When pressed on the fact that He is dining with “tax collectors and sinners,” Jesus ultimately responds by effectively saying “I came to call sinners.” That is, “these are the people---these tax collectors and sinners (Gentiles and those treated as Gentiles, if you will)---that I intend to gather into the kingdom of God. I am going after these people.” Concordantly, a regular accusation that would be leveled against Jesus, that was intended (among other things) to show that He could not possibly be Israel’s Messiah, was the manner of His table fellowship and the people with which He surrounded Himself. In the eleventh chapter of Matthew, as we see the constant building of the story and the inter-connectivity of the pieces of the narrative, Jesus Himself gives voice to this charge, reporting what it was that was being said about Him: “Look at Him, a glutton and a drunk, a friend of tax collectors and sinners!” (11:19b). Surely, the thoughts seemed to run, God’s messiah would not surround Himself with those that are taken to be outside of His covenant---not displaying or adhering to the accepted and determined covenant markers (circumcision, dietary laws, Sabbath-keeping) of the people of God. By His consistent fraternization with and acceptance of such people, Jesus demonstrated His attitude towards and compassion for said classes of people.
In a way that seems to run contrary to that which we have seen to this point, when we reach the tenth chapter we find Jesus sending out His twelve disciples and instructing them “Do not go to Gentile regions and do not enter any Samaritan town. Go instead to the lost sheep of the house of Israel” (10:5b-6). We, right along with Matthew’s hearers, should find this to be highly unusual, as it seems to run counter to what we have seen and heard from Jesus. We understand this a bit better when we hear what it is that is to be the content of their message, which is that “The kingdom of heaven is near!” (10:7b) This is a fundamentally Jewish concept, and would not necessarily be understood by Gentiles and Samaritans. So this may need to be less understood as restrictive, and more understood as being practical. At the same time, a careful inspection of Matthew seems to reveal that Jesus limits His talk of the kingdom of heaven to His interaction with the people of Israel, which can also make sense of the practical nature of the instructions.
Of course, we hold this tension in mind and find that it is ultimately balanced by the great commission that we encounter in the closing verses of Matthew’s Gospel. This tension and expectation of what is to come is played out here in the tenth chapter, as Jesus continues His instructions, saying “I am sending you out like sheep surrounded by wolves… Beware of people, because they will hand you over to councils and flog you in their synagogues” (10:16a,17), which was very much the experience of the community of Christ-followers in the years following the Christ-event and the time in which this Gospel would have been composed. As it relates to understanding what it means to treat someone as a Gentile or tax collector, Jesus relates the greater purpose of this treatment of His disciples, saying “And you will be brought before governors and kings because of me” (10:18a). Here, we cannot help but think of the travails of Peter, John, and Paul, and their appearances before the authorities (especially those of Paul), which would most likely have been known to the community for which Matthew is writing. When standing before governors and kings, Jesus’ persecuted disciples would act “as a witness to them and the Gentiles” (10:18b). Yes, Jesus was always cognizant of His mission. His church has always been cognizant of its mission. This mission, as Matthew’s hearers would well-know and would routinely hear, included reaching out to Gentiles so as to bring them into the plans and purposes, and the ever-widening fold of the people of the kingdom of God.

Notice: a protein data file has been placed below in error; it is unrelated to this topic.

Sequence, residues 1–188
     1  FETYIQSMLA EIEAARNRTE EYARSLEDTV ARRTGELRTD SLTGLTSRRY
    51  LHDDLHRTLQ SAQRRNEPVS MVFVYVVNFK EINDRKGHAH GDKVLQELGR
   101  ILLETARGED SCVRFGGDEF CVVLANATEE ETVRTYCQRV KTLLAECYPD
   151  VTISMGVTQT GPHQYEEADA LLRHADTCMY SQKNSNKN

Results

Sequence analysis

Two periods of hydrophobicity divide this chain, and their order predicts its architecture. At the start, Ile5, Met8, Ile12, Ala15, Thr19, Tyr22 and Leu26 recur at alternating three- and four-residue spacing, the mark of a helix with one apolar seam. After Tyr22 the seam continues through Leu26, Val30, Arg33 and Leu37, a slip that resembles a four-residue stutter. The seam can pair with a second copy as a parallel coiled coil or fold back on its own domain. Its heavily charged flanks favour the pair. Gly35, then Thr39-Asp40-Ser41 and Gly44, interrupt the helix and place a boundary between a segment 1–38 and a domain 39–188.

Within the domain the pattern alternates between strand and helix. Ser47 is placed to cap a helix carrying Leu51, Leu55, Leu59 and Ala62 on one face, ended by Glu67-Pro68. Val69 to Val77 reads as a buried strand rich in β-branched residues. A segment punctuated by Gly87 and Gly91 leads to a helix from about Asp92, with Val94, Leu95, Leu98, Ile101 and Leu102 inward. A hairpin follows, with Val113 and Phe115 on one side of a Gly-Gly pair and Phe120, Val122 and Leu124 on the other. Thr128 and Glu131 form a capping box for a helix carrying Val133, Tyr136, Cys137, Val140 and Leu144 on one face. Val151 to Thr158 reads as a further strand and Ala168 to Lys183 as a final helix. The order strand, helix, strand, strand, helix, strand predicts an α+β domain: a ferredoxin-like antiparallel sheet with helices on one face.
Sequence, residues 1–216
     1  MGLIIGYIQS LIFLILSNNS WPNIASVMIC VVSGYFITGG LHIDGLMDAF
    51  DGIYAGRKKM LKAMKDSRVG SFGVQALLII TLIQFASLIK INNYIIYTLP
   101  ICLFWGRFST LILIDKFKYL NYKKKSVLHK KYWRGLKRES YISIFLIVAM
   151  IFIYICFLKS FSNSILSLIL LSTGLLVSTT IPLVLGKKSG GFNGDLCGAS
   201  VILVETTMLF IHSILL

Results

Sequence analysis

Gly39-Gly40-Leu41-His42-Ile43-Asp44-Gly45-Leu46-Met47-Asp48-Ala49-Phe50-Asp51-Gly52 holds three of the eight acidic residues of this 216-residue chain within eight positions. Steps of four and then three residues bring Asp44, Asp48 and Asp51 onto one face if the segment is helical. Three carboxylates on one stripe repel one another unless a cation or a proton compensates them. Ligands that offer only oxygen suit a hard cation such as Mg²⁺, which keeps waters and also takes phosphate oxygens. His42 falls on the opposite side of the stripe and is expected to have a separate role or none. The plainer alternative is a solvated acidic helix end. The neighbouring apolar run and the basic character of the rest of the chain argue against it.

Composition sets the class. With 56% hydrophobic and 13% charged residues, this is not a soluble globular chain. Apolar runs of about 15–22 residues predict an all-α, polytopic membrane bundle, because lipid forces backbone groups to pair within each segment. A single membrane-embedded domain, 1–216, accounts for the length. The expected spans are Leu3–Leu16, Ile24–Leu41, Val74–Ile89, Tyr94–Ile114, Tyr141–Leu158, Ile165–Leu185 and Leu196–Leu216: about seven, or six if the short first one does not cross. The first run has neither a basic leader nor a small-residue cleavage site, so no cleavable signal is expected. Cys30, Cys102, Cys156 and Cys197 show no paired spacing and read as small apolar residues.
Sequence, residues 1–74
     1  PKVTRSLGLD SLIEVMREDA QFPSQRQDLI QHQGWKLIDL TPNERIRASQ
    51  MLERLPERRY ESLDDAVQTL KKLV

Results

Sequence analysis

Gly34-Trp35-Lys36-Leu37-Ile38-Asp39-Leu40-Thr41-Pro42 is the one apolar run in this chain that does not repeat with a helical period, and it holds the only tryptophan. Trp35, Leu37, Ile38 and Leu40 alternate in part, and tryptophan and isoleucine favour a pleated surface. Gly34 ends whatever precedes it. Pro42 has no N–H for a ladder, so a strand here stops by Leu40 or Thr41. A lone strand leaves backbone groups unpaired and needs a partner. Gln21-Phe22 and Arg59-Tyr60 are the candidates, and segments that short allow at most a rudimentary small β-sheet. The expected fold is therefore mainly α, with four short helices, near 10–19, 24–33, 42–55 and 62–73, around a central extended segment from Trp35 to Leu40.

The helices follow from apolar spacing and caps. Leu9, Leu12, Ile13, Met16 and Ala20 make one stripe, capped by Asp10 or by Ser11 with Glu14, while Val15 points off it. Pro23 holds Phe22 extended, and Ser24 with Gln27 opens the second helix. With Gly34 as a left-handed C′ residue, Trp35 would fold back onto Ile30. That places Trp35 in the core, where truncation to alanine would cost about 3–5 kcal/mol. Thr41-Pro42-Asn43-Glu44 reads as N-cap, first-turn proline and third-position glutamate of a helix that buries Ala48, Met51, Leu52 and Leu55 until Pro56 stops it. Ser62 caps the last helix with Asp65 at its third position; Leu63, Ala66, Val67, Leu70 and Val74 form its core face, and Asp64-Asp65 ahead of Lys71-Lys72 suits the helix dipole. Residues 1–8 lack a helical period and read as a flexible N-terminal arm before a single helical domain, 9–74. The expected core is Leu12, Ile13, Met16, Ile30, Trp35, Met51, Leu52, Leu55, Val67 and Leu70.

In the eleventh chapter we find some more useful information for our premise when we read/hear the report of Jesus criticizing a number of cities. He pronounces woe to cities such as Chorazin, Bethsaida, and Capernaum, which were all cities of the Galilee region, for their lack of repentance (joining up with Jesus’ new exodus movement) though they had witnessed “many of His miracles” (11:20b). In contrast, Jesus mentions three Gentile cities---Tyre, Sidon, and Sodom---that He seems to believe would have responded differently to His call, had they been given the same opportunity. His statement of “For if the miracles done among you had been done in Sodom, it would have continued to this day” (11:23b), along with “But I tell you, it will be more bearable for region of Sodom on the day of judgment than for you!” (11:24) would have weighed heavily on the minds of His hearers. Such pronouncements by Jesus, among His Jewish hearers, would probably have called to mind the story of Jonah and the repentance of Assyria; and indeed, we are not disappointed to find Matthew making reference to that very story in chapter twelve, when Jesus, in response to the demand for a sign, references the sign of Jonah and goes on to say “The people of Nineveh,” the capital city of a Gentile nation that had been responsible for the oppression of Israel (thoughts of Rome and its oppression lurks in the background here), “will stand up at the judgment with this generation and condemn it, because they repented when Jonah preached to them” (12:41).